7, 8. Sometimes the neuter pronoun id or illud is added, to express 
the meaning more strongly ; as, Facer e quce libet, id est esse regem. 

Obs. 3. (14) The infinitive mode often supplies the place of the 
third person of the imperfect of the indicative; as, Millies fug ere, the 
soldiers fled, for fugiebant, orfugere cazperunt. Tnvidere omnes mihi, 
for invidebant. This is called the historical infinitive, and is only 
used in animated narration. 

Obs. 4. (15) A collective noun may be joined with a verb either of 


the singular or of the plural number; as, Multitude* stat or stant ; the 
multitude stands, or stand. 

A collective noun, when joined with a verb singular, expresses many consider- 
ed as one whole; but when joined with a verb plural, signifies many separately, 
or as individuals. Hence if an adjective or participle be subjoined to the verb, 
when of the singular number, they will agree both in gender and number with 
the collective noun ; but if the verb be plural, the adjective or participle will be 
plural also, and of the same gender with the individuals of which the collective 
noun is composed; as, Pars er ant c&si: Pars obnixai trudunt, sc. formica. Virg. 
^En. iv. 406. Magna pars raptce, sc. virgines. Liv. ]. 9. Sometimes, however, 
though more rarely, the adjective is thus used in the singular ; as, Pars arduus, 
Virg. ^En. vn. 624. 

* (16) The nominative fails to the third person of certain verbs, especially 
those which mean ■ to say,' ' to tell,' &c; as, aiunt, dicunt,ferunt, narrant, that is, 
homines. So also with the third person of sum when qui follows and represents 
the subject; as, est qui dicat, for est aliquis qui dicat, * there is some one who 
says:' so, sunt quosjuvat, Hor. 

* (17) With certain verbs a nominative is always wanting; as passive verbs 
used impersonally; as,parciturmihi, * I am spared/ literally, ' it is spared to me.' 
So with the gerund ; as, mihi est eundum, ' 1 must go.' So also in the expression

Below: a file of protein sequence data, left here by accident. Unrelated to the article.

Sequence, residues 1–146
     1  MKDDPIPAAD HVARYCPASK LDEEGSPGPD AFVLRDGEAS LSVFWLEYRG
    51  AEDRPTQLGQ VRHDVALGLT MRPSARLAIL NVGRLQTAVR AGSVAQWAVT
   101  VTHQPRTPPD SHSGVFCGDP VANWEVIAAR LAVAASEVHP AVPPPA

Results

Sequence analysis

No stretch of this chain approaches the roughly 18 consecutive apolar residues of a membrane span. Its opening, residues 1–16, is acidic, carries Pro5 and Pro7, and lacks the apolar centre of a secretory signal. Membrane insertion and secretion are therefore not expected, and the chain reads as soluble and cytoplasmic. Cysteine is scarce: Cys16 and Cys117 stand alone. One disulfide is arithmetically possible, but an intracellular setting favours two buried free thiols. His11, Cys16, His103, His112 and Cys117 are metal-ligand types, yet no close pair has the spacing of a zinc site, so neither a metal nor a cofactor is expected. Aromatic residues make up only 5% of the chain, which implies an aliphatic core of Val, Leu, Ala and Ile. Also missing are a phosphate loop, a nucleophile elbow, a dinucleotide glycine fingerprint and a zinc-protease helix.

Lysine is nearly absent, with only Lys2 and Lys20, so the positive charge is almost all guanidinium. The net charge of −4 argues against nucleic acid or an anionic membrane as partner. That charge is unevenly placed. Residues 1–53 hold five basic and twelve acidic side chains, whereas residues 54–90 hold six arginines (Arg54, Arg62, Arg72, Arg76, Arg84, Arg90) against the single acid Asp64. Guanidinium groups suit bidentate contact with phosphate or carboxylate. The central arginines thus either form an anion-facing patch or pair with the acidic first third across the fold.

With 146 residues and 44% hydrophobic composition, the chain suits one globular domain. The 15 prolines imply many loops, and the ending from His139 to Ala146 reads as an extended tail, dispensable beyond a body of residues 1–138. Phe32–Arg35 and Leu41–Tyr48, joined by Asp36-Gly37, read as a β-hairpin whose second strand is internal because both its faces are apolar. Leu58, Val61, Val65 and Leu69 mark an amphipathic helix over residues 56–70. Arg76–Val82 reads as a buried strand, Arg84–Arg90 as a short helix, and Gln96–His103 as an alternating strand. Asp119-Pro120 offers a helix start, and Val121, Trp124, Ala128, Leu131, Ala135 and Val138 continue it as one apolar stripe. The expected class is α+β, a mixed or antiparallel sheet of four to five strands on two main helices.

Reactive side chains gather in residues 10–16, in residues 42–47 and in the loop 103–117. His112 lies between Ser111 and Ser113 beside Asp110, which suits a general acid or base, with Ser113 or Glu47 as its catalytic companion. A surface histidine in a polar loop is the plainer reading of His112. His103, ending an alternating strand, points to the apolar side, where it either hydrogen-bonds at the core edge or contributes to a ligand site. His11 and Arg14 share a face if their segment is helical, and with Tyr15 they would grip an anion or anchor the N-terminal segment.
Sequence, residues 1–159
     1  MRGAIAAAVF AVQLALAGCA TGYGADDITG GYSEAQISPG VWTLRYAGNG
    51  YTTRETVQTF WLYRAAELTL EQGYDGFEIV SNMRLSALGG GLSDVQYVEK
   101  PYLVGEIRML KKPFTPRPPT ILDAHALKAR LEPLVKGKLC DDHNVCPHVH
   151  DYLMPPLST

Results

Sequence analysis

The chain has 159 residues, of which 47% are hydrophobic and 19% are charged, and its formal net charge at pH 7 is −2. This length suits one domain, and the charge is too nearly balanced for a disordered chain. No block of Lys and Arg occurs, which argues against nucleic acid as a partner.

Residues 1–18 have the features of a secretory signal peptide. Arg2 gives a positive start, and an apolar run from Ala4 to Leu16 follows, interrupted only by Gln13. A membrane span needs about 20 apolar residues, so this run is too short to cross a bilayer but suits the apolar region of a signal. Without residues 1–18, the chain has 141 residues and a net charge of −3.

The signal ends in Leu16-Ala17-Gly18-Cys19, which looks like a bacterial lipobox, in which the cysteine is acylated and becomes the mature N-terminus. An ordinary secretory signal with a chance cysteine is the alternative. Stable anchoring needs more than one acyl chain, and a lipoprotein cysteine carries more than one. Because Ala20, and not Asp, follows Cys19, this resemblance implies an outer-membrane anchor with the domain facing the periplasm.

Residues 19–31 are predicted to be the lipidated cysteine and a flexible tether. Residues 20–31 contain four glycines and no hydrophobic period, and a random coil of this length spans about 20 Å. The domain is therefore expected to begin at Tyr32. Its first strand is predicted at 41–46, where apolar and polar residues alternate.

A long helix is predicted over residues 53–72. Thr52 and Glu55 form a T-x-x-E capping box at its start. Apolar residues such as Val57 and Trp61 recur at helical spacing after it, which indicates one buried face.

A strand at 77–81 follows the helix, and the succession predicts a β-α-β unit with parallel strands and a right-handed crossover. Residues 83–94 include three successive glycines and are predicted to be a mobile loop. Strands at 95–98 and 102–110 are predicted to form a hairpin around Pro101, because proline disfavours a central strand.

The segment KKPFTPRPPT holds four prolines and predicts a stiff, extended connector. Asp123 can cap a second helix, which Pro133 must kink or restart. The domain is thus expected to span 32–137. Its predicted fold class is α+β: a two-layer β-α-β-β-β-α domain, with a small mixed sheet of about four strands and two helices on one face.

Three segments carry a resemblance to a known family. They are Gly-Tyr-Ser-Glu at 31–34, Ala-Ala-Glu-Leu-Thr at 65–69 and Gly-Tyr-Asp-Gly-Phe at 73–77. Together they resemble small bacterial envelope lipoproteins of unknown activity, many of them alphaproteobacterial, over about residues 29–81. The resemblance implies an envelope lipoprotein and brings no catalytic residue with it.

venit mihi in mentem illius diei, where illius diei seems to stand for the nomina- 
tive : but perhaps negotium or memoria is to be supplied. 

* (18) Sometimes the Nominative which fails must be supplied from the pre- 
ceding sentence ; as, et, in quern primum egressi sunt locum, Troja vocatur, (Liv. 
I. 1.) where the nom. hie from the preceding locum is understood w 7 ith vocatur ; 
or better, et locus in quern egressi sunt Troja vocatur. Sometimes from the fol- 
lowing ; as, vastatur agri, quod inter urbem ac Fidenas est, ' there was so much 
land laid waste as was between Rome &c; (Liv. 1. 14.) where id governing 
agri is nom. to vastatur ; and quod is used, as elsewhere, for quantum. 

Accusative before the Infinitive. 

IV. (19) The infinitive mode has an accusa- 
tive before it ; as, 

Gaudeo te valere, I am glad that you are well. 

Obs. 1. (20) The particle that in English, is the sign of the accu- 
sative before the infinitive in Latin, when it comes between two verbs, 
without expressing intention or design. Sometimes the particle is 
omitted ; as, Aiunt regem adventare, They say the king is coming, 
that being understood. 

Obs. 2. (21) The accusative before the infinitive alwavs depends upon some 
other verb, commonly on a neuter or substantive verb; but seldom on a verb 
taken in an active sense. 

Obs. 3. (22) The infinitive, with the accusative before it, seems sometimes to 
supply the place of a nominative; as, Turpe est militem fugere, That a soldier 
should fly is a shameful thing. 


Obs. 4. (23) The infinitive esse or fuisse, must frequently be supplied, espe- 
cially after participles; as, Hostium exerctiuM ccesum fusumque cognovit Cic. 
Sometimes both the accusative and infinitive are underwood ; as, Pollicitus sus* 
cepturum, scil. me esse, Ter. 

Obs. 5. (24) The infinitive may frequently be otherwise rendered by the con- 
junctions, quod, ut, ne, or quin ; as, Gaudeo te valere, i. e. quod valeas, or propter 
tuam bonam valeludinem : Jubeo vos bene, sperdre, or ut bene speretis ; Prohibeo 
eum ex'ire, or ne exeat : Non dubxto eumfecisse, or much belter, quin fecerit. Scio 
quod flius amet, Plaut. for jilium amdre. Miror, sipotuif, for eum potuisse. Cic.